• Secret Underground Passage: One that leads to the catacombs/underpass appears at the end of stage 2.
    Henry: Look! There's an underground passage!
  • Save the Princess: The main characters are looking for a girl named Liv.
  • Shear Menace: Short, nimble zombies wielding hedge clippers are fought in the first and fourth stages.
  • Shoot Out the Lock: Locked gates can be shot in the third stage and allow passage to alternate routes. Electing not to will take you on a different detour through the stage. There are two of them, and whichever one you encounter depends on how many or how little keys you've collected from the stage prior.
  • Shotguns Are Just Better: The second player is armed with a shotgun, which has a better effect in dispatching enemies.
  • Shout-Out: Several of them.
    • As stated above, some of the zombies resemble those from The House of the Dead, as they wield weapons such as axes, knives, claws, hatchets, scythes, chainsaws, and drills. Furthermore, the first form of the final boss resembles the Magician.
    • The protagonists also fall under this. Both Henry and Joe resemble Thomas Rogan and G from House of the Dead, respectively. Liv, the Damsel in Distress, also draws comparisons with Sophie Richards.
    • The Runes stage — complete with skeletal cult worshipers — is reminiscent of Crypt Killer, another three-player rail shooter by Konami and Evil Night's predecessor. Its Japanese title, Henry Explorers, is also referenced in that one of the three main characters is named Henry.
    • The zombies with burnt skin, bald heads and claws will look...familiar to horror movie fans. Egregiously enough, Japanese Evil Night cabinets depict this same zombie twirling a hat on the marquee.
    • The butcher boss and especially the normal chainsaw-wielding zombies also strike similarities with another horror franchise.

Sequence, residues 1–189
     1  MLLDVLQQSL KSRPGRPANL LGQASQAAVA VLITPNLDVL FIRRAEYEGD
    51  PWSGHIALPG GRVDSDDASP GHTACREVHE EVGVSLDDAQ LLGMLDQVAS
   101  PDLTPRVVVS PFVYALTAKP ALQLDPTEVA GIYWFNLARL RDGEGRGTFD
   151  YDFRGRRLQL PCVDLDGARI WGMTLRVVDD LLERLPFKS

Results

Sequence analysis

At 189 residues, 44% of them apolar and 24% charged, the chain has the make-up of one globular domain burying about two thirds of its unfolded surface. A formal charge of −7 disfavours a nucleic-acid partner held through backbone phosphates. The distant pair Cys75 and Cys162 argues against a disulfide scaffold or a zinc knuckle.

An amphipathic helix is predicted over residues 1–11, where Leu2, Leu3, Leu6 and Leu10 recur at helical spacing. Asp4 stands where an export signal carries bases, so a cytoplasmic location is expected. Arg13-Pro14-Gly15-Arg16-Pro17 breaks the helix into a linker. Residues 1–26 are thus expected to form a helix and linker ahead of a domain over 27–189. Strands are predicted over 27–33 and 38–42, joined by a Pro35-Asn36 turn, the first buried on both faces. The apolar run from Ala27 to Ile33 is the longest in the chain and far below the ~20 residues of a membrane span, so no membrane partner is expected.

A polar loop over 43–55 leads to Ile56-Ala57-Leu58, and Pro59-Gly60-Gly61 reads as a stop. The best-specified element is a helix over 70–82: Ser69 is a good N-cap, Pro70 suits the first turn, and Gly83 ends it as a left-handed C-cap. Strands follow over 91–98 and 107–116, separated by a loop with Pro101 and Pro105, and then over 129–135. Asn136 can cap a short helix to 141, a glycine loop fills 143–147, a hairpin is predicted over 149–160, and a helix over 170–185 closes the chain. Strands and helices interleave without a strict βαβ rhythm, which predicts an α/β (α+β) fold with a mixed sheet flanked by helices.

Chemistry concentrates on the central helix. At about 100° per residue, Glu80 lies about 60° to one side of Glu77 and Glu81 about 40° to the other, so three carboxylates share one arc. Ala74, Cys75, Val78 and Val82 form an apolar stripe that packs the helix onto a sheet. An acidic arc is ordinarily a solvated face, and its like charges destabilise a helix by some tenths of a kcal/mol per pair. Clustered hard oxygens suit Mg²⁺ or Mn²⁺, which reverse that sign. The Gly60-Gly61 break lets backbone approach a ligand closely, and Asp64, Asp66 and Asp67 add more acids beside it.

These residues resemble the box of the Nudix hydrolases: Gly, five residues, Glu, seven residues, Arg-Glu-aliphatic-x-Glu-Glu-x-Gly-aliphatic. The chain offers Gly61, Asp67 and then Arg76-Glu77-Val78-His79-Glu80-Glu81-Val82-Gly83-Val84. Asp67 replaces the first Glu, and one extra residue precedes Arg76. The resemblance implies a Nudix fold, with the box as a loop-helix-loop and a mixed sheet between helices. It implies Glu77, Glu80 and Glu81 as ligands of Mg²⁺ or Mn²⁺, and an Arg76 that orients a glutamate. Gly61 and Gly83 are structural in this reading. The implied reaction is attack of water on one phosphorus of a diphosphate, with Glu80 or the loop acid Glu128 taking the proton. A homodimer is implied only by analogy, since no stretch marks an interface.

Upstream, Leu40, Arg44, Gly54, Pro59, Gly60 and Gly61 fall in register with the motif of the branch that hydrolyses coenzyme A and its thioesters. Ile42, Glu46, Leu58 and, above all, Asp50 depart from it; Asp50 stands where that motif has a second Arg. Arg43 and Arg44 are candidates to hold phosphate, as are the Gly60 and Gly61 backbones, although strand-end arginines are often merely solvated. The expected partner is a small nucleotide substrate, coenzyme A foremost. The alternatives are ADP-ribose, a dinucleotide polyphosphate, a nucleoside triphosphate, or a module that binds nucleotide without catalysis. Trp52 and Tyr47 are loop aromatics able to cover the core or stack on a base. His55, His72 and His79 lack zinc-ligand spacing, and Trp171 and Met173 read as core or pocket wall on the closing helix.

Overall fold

• Sinister Scythe: The Grim Reaper-like zombies in the second stage attack with these, naturally.
  • Snakes Are Sinister: A giant snake is encountered twice.
  • Sound of No Damage: A "bullet ricochet" sound plays whenever you shoot a bullet and hit nothing (or the second level boss's ball and chain).
  • Stripped to the Bone: You can blast the arms of the lumberjack zombies down to bone. However, they'll still continue to hurl axes at you.
  • The Butcher: The first stage end boss, who attacks by pushing hanging meats, hurling zombies, and finally a chainsaw.
  • The Grim Reaper: Resemblance only. One zombie, probably a gardener, with a hood has a mask covering its face. Its main weapon is a scythe.
  • The Renfield: There are two types of zombie butlers encountered: One with a knife and one holding a lantern and a cleaver.
  • The Undead: Ghosts and zombies are mostly encountered.
  • Tome of Eldritch Lore: Mystical books can be collectednote , which influence the storyline. Liv reads from one of them upon defeating the final boss, vanquishing him and putting The Undead to rest. Also, in the "Good" ending, a book Liv drops sets the entire mansion on fire.
  • Vader Breath: One can be heard in the music tracks to the underpass and graveyard.
  • What Happened to the Mouse?: We never do find out what happened to the scientists/archaeological team who discovered the runes and were trying to learn its purpose. Whether they all died or somehow managed to escape is never explained.
  • You Dirty Rat!: Giant rats serve as enemies in the second and third stages.
  • Your Princess Is in Another Castle: Upon defeat, the butcher boss taunts the characters they will never find Liv.

We made it to the last room! We've got to find out what this room is for. Can we control this enormous adverse tide of entropy?
http://tvtropes.org/pmwiki/pmwiki.php/VideoGame/EvilNight